Journal Article

A Maltose Transporter from Apple is Expressed in Source and Sink Tissues and Complements the <i>Arabidopsis</i> Maltose Export-Defective Mutant

Edwin J. Reidel, Robert Turgeon and Lailiang Cheng

in Plant and Cell Physiology

Published on behalf of Japanese Society of Plant Physiologists

Volume 49, issue 10, pages 1607-1613
Published in print October 2008 | ISSN: 0032-0781
Published online October 2008 | e-ISSN: 1471-9053 | DOI: http://dx.doi.org/10.1093/pcp/pcn134
A Maltose Transporter from Apple is Expressed in Source and Sink Tissues and Complements the Arabidopsis Maltose Export-Defective Mutant

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Prior to the cytosolic synthesis of transport sugars during transitory starch utilization, intermediate products of starch breakdown, such as maltose, must be exported from chloroplasts. Recent work in Arabidopsis indicates that a novel transporter mediates maltose transfer across the chloroplast inner envelope membrane. We cloned a gene from an apple cDNA library that is highly homologous with the Arabidopsis maltose transporter, MEX1. Expression levels of MdMEX determined by real-time PCR were low in the tips of growing shoots, higher in expanding leaves and maximal in mature leaves. Expression was also detected in fruits and roots, indicating a role for MdMEX in starch mobilization in sink tissues. The cDNA from apple was subcloned into an expression cassette between the cauliflower mosaic virus 35S promoter and the sGFP (green fluorescent protein) coding sequence. Plants of the Arabidopsis maltose excess1-1 mutant, which is homozygous for a defective MEX1 allele, were transformed with the 35S:MdMEX:GFP construct. Fluorescence of GFP was localized to chloroplasts, indicating that Arabidopsis recognized the predicted 55 amino acid chloroplast transit peptide in the apple protein. The phenotypes of several independently transformed lines were analyzed. The complemented plants were relieved of the severe stunting and chlorosis characteristic of mex1-1 plants. Furthermore, starch levels and concentrations of soluble sugars, leaf chlorophyll content and maximum quantum efficiency of PSII were restored to wild-type levels. MdMEX (Malus domestica maltose transporter) is the second member of the unique maltose transporter gene family.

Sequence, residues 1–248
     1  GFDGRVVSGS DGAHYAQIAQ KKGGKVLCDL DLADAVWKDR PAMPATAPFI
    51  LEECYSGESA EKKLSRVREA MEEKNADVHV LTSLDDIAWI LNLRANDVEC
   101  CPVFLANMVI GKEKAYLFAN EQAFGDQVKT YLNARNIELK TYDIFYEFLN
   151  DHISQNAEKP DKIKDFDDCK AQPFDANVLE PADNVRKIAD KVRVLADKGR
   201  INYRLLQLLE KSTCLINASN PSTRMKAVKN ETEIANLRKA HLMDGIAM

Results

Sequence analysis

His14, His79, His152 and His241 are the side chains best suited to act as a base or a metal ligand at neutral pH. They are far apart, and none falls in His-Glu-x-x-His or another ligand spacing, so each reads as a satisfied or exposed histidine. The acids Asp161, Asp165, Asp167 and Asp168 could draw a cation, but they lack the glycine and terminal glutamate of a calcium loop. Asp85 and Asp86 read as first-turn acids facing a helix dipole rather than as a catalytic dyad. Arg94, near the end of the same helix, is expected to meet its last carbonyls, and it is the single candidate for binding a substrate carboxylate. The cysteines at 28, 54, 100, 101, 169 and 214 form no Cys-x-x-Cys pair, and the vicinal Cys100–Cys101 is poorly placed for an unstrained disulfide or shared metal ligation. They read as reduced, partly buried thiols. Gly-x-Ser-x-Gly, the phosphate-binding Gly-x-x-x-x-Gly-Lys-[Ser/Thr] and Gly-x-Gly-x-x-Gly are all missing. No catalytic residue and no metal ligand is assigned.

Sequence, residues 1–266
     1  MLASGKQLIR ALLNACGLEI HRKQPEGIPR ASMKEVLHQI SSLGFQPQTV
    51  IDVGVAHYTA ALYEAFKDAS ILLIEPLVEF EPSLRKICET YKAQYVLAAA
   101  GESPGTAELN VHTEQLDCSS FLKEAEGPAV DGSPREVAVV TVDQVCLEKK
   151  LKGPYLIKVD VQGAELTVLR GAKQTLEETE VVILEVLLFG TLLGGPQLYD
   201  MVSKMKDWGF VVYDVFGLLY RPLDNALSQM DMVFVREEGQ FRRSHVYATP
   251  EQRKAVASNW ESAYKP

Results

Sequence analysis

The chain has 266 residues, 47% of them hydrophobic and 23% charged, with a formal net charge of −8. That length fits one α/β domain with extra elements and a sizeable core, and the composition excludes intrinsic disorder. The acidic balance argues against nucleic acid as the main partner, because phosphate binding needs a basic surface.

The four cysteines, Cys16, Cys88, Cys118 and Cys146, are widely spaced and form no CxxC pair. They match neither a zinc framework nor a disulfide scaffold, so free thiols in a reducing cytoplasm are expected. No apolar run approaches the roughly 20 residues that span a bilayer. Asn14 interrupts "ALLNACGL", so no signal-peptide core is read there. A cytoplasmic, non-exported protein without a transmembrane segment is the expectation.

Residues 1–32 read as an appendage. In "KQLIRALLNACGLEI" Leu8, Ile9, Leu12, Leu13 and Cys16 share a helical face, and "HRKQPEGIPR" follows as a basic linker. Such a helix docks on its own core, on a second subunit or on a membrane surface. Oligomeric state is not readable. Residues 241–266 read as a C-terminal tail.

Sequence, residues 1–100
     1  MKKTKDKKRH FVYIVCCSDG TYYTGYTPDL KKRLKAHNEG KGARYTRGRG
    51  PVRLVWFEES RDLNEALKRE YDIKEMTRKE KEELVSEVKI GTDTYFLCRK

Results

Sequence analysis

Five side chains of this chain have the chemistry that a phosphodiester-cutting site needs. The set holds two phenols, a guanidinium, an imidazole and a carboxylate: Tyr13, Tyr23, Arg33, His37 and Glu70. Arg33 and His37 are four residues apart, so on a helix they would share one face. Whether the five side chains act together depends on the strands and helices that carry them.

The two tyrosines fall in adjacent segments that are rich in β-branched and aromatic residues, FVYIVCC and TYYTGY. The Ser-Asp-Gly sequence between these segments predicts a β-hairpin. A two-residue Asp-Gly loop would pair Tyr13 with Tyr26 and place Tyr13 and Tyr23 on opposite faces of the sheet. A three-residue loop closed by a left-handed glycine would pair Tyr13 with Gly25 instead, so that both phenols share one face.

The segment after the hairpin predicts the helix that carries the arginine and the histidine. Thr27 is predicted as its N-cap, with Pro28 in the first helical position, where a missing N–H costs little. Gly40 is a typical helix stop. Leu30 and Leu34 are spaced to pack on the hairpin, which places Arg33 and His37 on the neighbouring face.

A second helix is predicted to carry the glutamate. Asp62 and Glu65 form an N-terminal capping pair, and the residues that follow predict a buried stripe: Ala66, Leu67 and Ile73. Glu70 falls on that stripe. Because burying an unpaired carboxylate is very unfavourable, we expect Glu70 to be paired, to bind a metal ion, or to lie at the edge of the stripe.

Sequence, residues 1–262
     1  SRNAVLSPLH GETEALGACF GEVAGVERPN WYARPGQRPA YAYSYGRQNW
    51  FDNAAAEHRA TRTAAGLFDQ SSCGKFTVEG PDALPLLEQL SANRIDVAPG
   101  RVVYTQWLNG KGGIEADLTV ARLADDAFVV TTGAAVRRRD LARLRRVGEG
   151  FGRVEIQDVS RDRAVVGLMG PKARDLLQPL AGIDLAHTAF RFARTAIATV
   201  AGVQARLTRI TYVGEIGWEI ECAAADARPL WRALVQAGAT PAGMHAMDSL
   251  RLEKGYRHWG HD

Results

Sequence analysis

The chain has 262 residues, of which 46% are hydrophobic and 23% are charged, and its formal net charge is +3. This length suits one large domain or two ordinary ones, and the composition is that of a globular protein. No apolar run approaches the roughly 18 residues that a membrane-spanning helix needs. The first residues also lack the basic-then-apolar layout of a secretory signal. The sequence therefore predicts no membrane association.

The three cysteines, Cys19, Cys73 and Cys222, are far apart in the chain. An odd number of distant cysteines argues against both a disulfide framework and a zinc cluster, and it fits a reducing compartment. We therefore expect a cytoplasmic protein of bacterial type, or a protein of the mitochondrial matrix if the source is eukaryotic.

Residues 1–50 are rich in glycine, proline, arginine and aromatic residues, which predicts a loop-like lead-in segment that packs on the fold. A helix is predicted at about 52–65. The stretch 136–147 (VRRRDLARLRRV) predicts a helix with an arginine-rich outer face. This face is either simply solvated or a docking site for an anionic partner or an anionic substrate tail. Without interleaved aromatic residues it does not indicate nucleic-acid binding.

Keywords: Apple; Maltose transporter; Malus domestica; MEX

Journal Article.  3849 words.  Illustrated.

Subjects: Biochemistry ; Molecular and Cell Biology ; Plant Sciences and Forestry

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